Forbidden Pashtun Poetry 

Human expression will always slither out through the cracks even in the worst oppression. Pashtun women living on the border between Afghanistan and Pakistan have been repressed daily by a war society intent upon rendering its women mute. The UA's Poetry Center, 1508 E. Helen St., will host an artist talk and screening on Thursday, March 5, at 6 p.m. exploring the powerful way these women have learned to rebel through self-expression. The women adopted the ancient Afghan poetry form landay to tell the story of their modern lives and struggles, which they read aloud to each other at secret meetings. The event will feature photographer Seamus Murphy and journalist and author Eliza Griswold, who collaborated to bring a representative narrative of these women to the world. Griswold writes down the womens' landays and translates them; Murphy adds to the words with his photographs of the women in their day-to-day lives. There will be a screening of Murphy's short film "Snake," which is one meaning of the word landay. Readings follow the screening, as well as conversation and the chance to view the accompanying exhibit on display in the Poetry Center Library. Admission is free. For more on the event and the Poetry Center, visit poetry.arizona.edu.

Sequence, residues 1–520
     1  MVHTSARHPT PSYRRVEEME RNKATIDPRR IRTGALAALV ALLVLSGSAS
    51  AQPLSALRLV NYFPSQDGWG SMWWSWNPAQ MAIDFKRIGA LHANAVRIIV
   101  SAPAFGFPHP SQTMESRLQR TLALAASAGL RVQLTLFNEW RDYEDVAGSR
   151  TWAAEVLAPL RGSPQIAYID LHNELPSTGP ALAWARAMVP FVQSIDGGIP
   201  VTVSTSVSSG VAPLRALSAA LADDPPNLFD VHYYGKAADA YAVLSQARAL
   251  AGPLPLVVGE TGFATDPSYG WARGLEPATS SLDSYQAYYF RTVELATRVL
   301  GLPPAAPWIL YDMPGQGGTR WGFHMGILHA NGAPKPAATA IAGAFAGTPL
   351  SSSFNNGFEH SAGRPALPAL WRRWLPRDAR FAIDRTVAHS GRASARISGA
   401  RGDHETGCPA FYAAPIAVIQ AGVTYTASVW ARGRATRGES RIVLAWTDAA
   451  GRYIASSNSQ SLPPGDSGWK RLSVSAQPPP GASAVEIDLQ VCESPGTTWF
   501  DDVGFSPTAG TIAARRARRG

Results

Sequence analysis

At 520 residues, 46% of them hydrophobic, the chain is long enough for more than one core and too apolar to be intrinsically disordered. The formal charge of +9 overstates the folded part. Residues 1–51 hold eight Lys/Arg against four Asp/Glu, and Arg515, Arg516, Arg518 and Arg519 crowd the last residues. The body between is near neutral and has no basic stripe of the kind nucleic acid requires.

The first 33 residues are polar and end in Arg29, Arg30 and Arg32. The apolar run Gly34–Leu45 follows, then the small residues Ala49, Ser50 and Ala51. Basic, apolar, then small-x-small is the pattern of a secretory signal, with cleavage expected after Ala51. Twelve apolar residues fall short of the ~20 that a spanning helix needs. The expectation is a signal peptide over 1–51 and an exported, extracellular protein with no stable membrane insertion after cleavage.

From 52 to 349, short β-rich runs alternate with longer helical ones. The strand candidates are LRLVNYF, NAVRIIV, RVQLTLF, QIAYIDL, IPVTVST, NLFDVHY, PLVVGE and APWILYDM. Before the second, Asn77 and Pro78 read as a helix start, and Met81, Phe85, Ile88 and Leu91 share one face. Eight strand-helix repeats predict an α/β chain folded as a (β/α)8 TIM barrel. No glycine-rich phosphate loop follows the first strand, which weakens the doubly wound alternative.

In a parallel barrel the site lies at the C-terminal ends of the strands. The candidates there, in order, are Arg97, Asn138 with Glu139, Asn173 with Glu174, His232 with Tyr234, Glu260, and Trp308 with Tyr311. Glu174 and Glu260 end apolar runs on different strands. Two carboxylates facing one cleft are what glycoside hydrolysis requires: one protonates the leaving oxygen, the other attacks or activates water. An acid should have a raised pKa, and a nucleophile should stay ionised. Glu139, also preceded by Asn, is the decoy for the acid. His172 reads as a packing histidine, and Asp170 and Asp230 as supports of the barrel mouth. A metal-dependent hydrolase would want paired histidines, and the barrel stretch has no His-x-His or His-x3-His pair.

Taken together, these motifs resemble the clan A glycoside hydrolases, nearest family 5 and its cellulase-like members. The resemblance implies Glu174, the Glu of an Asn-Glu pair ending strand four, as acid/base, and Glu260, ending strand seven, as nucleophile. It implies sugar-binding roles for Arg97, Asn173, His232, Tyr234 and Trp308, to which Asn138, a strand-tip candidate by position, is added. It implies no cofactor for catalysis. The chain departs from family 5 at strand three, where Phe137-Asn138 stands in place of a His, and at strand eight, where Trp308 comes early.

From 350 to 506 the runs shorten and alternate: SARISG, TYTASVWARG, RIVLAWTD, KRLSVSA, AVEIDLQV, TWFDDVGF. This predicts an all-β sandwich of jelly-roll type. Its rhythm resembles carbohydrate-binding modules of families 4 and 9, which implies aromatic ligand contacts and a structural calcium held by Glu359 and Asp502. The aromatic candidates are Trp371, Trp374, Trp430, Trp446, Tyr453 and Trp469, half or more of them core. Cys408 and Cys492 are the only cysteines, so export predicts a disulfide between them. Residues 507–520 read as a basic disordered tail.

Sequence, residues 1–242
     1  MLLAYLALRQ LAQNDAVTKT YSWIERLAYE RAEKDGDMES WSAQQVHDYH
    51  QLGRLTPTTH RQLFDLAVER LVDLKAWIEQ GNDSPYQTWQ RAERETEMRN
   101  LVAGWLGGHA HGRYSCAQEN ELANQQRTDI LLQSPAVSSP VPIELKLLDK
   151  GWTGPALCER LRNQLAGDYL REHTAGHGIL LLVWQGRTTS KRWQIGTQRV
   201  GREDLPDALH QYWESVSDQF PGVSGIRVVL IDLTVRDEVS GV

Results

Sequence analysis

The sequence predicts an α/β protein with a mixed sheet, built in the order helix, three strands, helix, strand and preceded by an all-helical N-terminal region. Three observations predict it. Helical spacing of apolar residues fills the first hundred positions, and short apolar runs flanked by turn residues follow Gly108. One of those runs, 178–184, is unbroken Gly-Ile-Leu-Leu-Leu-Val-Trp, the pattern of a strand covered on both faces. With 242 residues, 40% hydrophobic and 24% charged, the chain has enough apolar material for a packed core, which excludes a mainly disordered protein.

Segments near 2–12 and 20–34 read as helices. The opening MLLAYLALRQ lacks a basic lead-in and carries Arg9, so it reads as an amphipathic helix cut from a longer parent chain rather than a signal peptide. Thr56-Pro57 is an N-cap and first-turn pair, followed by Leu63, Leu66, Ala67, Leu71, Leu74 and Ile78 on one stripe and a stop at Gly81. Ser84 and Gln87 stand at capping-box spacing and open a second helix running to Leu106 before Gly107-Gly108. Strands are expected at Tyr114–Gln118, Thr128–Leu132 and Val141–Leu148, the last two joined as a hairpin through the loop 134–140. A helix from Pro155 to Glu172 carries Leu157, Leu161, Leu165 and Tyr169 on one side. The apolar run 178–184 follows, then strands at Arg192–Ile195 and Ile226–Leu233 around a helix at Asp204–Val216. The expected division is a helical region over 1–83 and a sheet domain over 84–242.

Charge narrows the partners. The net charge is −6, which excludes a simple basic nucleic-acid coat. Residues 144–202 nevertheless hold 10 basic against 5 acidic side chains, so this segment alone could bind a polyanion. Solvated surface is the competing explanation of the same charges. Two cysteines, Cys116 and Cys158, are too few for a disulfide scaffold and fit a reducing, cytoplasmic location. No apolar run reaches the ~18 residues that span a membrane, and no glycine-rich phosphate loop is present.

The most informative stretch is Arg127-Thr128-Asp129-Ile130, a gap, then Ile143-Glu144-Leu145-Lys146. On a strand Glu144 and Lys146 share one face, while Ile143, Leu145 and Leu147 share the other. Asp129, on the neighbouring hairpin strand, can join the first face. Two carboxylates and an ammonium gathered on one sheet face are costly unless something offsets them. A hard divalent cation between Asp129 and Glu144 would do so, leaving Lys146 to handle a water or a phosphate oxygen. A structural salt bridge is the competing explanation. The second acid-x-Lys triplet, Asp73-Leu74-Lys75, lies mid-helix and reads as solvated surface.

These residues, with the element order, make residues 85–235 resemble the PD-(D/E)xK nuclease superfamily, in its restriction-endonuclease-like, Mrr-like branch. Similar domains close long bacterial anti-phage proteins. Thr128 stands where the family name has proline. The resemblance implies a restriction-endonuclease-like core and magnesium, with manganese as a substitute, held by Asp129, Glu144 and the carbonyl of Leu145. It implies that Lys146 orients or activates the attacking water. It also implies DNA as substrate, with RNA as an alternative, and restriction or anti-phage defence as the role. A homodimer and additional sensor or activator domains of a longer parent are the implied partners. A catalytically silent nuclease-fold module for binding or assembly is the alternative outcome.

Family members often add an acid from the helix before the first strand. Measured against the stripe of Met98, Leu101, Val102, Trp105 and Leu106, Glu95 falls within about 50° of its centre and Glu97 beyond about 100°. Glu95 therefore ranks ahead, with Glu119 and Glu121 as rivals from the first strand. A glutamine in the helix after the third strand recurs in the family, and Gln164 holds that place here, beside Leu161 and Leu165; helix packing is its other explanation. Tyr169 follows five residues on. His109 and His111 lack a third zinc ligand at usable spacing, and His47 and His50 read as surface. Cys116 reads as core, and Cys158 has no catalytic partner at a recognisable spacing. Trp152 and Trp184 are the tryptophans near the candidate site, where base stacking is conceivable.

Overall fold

More by Cali Nash


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